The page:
Industry promotion of recycling programs should not have been sufficient to get municipal governments to invest in those programs. There should have been considerable skepticism in part because the United States generally does not have a lack of landfill space especially when it is illegal to block the export of waste across state lines. On its own, the increase in plastic waste was not a real crisis in waste management. To the contrary, trying to divert U.S. plastic waste away from landfills created a severe environmental crisis around the world impacting some of the most vulnerable populations in Africa and Asia. But the burgeoning environmental movement in the United States deviated from the science of waste management and made plastic recycling into a cause celebre. Recycling thus became a political opportunity.

What appears to have motivated municipal governments to invest in curbside recycling was a combination of technological feasibility and seductive street-level politics. On the one hand, it was very straightforward to modify curbside trash pickup to separate out paper, plastics and other potential recyclables. There was a clear implementation path forward up until the point the mountains of recyclables piling up at waste depots needed to be sold on the market to recyclers. At that juncture, the easiest thing to do, until that route was closed, was to load the materials into shipping containers and send them overseas. This worked until the Great Pacific Garbage Patch became an issue and then China and other Asian countries stopped accepting U.S. plastic waste.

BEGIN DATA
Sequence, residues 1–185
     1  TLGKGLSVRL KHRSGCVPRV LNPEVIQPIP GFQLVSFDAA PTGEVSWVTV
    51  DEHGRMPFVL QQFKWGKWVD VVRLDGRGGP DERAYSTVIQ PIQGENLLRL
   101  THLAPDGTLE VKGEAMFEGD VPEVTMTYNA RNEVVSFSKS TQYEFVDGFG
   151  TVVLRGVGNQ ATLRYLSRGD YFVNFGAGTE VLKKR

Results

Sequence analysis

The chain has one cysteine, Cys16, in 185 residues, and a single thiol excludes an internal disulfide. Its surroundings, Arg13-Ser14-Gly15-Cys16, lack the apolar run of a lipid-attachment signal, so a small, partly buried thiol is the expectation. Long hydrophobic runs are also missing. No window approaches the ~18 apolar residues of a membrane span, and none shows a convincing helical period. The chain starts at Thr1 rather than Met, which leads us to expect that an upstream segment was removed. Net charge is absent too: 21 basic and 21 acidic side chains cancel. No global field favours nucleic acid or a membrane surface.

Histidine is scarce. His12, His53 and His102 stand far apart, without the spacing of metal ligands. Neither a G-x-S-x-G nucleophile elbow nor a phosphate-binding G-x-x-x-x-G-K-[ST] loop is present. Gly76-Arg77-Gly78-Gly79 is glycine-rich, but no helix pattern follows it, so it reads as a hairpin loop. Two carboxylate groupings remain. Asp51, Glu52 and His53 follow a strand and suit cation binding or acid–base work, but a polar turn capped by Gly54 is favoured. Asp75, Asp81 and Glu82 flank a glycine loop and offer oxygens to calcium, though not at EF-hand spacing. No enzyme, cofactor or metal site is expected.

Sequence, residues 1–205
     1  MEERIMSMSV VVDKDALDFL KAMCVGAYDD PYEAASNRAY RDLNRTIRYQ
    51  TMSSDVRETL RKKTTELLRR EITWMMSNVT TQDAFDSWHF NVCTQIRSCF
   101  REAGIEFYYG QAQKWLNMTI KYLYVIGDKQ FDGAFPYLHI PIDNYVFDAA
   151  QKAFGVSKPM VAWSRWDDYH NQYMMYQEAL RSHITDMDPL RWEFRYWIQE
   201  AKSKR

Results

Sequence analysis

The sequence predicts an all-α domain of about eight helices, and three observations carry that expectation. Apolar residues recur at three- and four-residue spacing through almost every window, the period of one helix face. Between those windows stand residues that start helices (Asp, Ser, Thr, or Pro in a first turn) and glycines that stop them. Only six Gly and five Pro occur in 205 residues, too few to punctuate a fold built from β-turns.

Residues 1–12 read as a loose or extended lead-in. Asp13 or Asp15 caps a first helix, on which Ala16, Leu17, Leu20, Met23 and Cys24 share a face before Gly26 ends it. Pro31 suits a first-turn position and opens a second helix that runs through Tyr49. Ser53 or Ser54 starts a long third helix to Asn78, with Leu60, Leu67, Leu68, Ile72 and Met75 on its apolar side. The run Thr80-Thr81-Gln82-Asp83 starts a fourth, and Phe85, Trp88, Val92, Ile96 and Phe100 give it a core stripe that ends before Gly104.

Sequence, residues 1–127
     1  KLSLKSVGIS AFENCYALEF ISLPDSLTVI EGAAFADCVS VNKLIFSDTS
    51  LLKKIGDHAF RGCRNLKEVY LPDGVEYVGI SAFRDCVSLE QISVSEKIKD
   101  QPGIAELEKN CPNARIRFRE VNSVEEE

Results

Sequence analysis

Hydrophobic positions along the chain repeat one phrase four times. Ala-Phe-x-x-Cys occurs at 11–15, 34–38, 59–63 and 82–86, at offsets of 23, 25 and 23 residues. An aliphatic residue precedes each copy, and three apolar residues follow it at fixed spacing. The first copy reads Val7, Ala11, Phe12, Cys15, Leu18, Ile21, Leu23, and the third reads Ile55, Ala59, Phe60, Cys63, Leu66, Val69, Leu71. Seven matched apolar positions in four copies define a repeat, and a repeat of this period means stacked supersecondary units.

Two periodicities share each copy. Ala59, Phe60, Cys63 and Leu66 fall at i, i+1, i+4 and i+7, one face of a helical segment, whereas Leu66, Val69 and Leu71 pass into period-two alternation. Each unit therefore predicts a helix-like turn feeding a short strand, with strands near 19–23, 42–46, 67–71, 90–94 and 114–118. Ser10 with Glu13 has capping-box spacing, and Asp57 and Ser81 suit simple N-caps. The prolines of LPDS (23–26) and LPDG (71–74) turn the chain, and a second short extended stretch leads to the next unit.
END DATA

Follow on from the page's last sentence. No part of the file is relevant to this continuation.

On the other hand, the elected leaders of municipal governments scored a lot of points with their progressive-leaning voters by pushing recycling programs. At the street level, every week, it looked like serious, systematic efforts were underway to protect the environment. Unfortunately, what actually was underway was one of the most widespread and pernicious examples of “greenwashing” in U.S. history.